In addition to the above general steps for preparing a sample for TEM, other alternative techniques are available, such as:
- Ion-mining: In this method, the sample is thinned by firing charged argon ions at its surface until it becomes sufficiently transparent. The process of focussed ion mining utilises gallium ions for tinning.
- Cross-sectional method: This technique is mostly used to examine interfaces.
- Replica technique: Used only when the bulk specimen used to create thin sections cannot be destroyed.
- Electrolyte polishing: Electrolyte polishing is a technique used to create thin metal or alloy samples. Various techniques, such as coring, rolling, grinding, and peeling, are incorporated in this approach.
Conventional Method For preparation of ultrastructure
The following stages comprise a standard technique for preparing samples for ultrastructure imaging.
1. Primary attachment to aldehydes (proteins)
During this phase, formaldehyde and/or glutaraldehyde molecules crosslink proteins and, to a lesser extent, other cell components. Fixation of small mammals is possible by perfusion, in which the fixative is administered via the circulatory system. Other samples must be fixed by immersion, and the specimen must be dissected in at least one direction to a maximum thickness of 1 mm.
2. Secondary fixation with osmium tetroxide (lipids)
This process guarantees that lipids, such as membrane-forming phospholipids, are retained and not removed during dehydration. During the fixation process, a black, insoluble precipitate is generated on the membranes, generating contrast.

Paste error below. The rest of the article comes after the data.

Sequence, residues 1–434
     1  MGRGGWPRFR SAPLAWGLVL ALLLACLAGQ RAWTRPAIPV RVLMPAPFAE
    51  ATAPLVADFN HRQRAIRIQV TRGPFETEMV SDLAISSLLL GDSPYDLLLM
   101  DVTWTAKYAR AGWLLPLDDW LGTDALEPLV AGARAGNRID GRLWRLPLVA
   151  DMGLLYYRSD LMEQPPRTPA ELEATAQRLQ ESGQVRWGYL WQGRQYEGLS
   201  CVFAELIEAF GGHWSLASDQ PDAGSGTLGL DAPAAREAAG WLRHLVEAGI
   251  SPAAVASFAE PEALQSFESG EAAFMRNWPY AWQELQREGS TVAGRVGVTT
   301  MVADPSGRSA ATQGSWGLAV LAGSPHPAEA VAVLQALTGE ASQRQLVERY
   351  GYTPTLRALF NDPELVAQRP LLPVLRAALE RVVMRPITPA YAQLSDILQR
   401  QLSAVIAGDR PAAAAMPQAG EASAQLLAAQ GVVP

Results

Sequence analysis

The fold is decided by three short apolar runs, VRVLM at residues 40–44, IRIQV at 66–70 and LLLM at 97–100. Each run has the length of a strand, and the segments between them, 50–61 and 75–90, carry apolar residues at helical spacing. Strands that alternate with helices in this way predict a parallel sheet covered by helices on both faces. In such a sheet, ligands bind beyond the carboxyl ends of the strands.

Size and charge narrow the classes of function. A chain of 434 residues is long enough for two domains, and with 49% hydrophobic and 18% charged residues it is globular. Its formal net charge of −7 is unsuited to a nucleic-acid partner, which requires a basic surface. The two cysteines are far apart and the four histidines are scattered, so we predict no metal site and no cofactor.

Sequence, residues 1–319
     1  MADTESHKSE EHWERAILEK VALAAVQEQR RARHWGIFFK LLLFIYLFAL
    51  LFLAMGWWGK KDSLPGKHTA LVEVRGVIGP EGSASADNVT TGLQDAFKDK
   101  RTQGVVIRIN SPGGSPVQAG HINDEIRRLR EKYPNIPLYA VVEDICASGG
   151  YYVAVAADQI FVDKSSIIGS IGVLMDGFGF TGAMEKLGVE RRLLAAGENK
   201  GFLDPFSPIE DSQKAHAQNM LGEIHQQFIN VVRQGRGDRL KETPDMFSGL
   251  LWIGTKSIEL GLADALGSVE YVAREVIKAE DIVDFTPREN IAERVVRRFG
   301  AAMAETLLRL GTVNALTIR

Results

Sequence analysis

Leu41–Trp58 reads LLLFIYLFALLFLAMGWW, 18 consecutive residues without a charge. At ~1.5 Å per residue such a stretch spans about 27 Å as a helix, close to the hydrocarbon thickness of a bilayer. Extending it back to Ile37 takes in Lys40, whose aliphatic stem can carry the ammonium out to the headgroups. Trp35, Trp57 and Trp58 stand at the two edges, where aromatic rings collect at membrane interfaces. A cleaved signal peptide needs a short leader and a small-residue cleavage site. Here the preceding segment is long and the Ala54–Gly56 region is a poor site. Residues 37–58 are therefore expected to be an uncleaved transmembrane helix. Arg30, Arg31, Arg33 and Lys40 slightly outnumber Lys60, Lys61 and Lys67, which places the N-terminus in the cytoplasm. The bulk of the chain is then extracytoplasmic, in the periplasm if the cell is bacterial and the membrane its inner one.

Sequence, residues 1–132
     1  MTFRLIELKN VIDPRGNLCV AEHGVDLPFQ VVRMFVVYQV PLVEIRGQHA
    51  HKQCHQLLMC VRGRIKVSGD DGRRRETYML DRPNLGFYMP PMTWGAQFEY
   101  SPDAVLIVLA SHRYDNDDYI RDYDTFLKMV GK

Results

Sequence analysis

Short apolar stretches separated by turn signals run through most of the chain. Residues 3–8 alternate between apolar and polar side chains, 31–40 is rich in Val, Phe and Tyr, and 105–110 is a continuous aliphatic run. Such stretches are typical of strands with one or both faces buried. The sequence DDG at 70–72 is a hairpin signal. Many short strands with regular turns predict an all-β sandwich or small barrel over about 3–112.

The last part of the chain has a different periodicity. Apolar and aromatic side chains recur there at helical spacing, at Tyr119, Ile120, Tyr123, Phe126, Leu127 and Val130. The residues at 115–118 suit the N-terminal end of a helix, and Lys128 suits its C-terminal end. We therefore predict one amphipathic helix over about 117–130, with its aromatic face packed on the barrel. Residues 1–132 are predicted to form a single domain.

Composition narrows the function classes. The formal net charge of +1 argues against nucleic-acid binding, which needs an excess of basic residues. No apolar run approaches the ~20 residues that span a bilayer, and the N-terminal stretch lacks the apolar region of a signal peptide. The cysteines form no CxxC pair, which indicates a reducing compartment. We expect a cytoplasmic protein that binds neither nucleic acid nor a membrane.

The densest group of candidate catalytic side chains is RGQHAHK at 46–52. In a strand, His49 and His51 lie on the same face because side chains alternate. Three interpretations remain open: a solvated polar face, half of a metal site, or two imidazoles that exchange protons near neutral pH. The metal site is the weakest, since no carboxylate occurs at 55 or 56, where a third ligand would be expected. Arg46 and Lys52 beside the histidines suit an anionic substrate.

3. Tertiary fixation and contrasting with uranyl acetate
Uranyl acetate is a heavy metal salt that provides extra contrast by binding to proteins, lipids, and nucleic acids. Some authors argue that it also possesses fixative characteristics. Before dehydration, samples can be incubated in a solution of uranyl acetate, or the stain can be applied to sectioned specimens prior to lead staining.
4. Dehydration series with solvent (ethanol or acetone)
By incubating a specimen in a series of ethanol or acetone solutions, it is dehydrated. The concentration of the solvent is increased gradually so that water can be removed without generating artefacts, primarily shrinking.
5. Resin infiltration and embedding
Following dehydration, a progressively increasing concentration of liquid resin is substituted for the solvent (typically epoxy resin for ultrastructure studies). The specimen is placed in a mould containing liquid resin, which is then hardened using heat or ultraviolet radiation. A sample can then be stored indefinitely.
6. Sectioning and mounting sections on specimen grids
A specimen immersed in a solidified resin can be sectioned to a thickness of less than 100 micrometres. This allows the electron beam to travel through the specimen from the electron gun to the detector. The sections are mounted on specimen grids that fit into the sample holder of the microscope.
7. Contrasting (poststaining)
Since biological specimens are formed of atoms with low atomic numbers, they are naturally not highly electron-opaque, and the electron beam can easily pass through them. The sections can be post-stained with lead citrate to enhance contrast. Similar to osmium tetroxide and uranyl acetate, this heavy metal salt binds to cell components and scatters incident beam electrons. The parts of the specimen section that scatter electrons more are represented by pixels with a deeper hue, which stand out against the lighter backdrop.